Assume also that $v_1,v_2$ are linearly independent, and $q_i \in \mathbb{R}^n$ denotes the $i$-th column of $Q$. This is what I've got so far. First obtain unit vectors $w_1,w_2$ which are orthogonal and $span\{w_1,w_2\} = span\{v_1,v_2\}$. Now compute a Householder matrix $H$ that aligns $w_1$ with $e_1$, i.e. $Hw_1 = e_1$ (since $\|w_1\| = 1$). Since $H$ is unitary, this means that

\begin{align} w_1 \cdot w_2 = Hw_1 \cdot Hw_2 = e_1 \cdot Hw_2 \Rightarrow Hw_2 = e_i \end{align} for some $i \in \{2,...,n\}$. If $i = 2,$ set $q_j = H^{T}e_j$ for $j \in \{1,...,n\}$. Else set $q_i = H^{T}e_2$ and $q_j = H^{T}e_j$ otherwise. Again since $H$ is unitary, we then have $\{q_1,...,q_n\}$ an orthonormal basis for $\mathbb{R}^n,$ i.e. $Q$ unitary. Finally, $q_1 = w_1$ and $q_2 = w_2$, so $span\{q_1,q_2\} = span\{v_1,v_2\}$, as desired.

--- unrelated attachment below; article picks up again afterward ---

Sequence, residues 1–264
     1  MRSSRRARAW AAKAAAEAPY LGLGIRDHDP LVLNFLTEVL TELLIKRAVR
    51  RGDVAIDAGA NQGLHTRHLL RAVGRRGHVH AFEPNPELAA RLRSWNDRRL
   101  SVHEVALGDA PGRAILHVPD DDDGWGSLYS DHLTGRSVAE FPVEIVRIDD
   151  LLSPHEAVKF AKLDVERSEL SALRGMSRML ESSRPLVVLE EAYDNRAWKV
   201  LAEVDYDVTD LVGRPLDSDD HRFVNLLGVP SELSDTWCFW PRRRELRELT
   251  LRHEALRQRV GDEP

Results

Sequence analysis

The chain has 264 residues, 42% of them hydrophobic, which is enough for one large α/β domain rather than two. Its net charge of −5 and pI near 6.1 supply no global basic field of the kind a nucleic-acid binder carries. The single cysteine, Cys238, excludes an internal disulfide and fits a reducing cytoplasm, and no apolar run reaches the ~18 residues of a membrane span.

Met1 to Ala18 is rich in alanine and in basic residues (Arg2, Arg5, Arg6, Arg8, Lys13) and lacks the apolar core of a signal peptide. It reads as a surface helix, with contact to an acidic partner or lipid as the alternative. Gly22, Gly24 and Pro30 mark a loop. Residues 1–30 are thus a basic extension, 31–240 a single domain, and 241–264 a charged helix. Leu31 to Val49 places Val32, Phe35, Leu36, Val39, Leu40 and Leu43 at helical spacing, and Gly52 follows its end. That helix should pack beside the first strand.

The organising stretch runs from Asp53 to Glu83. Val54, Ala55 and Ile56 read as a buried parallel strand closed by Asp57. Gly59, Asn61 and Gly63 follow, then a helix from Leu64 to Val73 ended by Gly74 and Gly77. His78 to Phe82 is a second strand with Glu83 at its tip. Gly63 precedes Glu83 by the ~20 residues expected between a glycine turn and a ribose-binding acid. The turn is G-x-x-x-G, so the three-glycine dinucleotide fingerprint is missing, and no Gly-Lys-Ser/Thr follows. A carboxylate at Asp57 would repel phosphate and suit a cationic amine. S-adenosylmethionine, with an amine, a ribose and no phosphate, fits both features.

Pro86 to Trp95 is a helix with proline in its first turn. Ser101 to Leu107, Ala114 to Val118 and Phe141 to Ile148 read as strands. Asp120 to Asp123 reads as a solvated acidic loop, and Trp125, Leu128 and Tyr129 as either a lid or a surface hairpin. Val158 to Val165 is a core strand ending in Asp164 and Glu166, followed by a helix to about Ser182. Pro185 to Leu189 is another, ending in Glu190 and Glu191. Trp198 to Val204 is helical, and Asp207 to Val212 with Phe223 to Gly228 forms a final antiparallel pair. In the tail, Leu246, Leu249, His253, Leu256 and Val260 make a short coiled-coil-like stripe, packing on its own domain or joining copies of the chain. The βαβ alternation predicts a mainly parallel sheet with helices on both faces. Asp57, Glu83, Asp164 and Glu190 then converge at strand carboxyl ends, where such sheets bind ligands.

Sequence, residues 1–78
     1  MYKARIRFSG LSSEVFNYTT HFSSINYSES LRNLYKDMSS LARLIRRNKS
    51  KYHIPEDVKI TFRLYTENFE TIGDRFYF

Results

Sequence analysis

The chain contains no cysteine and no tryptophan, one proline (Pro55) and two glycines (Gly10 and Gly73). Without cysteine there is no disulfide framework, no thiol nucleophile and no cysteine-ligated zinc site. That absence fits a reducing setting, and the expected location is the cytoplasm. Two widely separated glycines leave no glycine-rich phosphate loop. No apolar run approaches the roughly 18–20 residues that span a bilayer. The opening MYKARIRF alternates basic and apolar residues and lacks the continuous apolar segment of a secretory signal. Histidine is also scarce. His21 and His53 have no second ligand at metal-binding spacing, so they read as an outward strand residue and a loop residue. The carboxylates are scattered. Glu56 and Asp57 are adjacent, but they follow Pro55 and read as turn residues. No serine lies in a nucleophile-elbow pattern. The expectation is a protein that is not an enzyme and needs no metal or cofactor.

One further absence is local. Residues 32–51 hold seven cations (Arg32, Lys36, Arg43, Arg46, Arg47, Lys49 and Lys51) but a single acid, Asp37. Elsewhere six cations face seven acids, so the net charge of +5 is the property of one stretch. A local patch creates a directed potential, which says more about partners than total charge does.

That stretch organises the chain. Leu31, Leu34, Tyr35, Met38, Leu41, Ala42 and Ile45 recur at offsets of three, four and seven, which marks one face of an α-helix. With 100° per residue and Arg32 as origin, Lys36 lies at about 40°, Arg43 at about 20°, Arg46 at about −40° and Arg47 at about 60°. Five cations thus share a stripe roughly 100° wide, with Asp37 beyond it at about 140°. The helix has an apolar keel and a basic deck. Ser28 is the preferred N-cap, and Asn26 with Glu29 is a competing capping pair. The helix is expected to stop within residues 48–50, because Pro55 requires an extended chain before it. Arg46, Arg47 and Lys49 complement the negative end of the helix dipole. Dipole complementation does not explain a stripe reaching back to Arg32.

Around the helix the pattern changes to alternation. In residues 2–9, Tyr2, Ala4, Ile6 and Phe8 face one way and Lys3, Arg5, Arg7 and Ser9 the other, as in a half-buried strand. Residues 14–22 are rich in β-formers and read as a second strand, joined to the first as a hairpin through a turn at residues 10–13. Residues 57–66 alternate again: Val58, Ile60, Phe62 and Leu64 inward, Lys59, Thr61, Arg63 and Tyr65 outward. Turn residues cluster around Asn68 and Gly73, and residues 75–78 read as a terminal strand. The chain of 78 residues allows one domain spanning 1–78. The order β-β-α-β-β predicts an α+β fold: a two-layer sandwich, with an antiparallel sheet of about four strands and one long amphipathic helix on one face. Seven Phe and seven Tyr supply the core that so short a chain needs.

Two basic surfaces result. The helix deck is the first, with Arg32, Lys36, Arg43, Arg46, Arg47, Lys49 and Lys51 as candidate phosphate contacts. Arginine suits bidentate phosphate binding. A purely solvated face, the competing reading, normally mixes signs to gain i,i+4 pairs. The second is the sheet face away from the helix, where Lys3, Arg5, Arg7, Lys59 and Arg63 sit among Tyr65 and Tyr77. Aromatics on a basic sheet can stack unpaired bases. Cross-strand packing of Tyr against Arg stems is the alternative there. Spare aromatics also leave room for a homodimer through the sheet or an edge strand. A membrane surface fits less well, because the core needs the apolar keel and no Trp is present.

Does this approach work? And if so, is there a way of doing this where I do NOT have to use Gram-Schmidt process at the beginning and rather to use something more numerically stable like Householder reflectors?

Edit: I believe the following answers my questions. Assume $v_1,v_2$ are unit vectors without loss of generality. Construct a Householder matrices $H_1,H_2$ such that $H_1 v_1 = e_1$, $H_2 e_1 = e_1$, $H_2 H_1 v_2 = e_2$. Define $H = H_2 H_1$. Return $Q = [H^{T} e_1, H^{T} e_2, ... ,H^{T}e_n]$.


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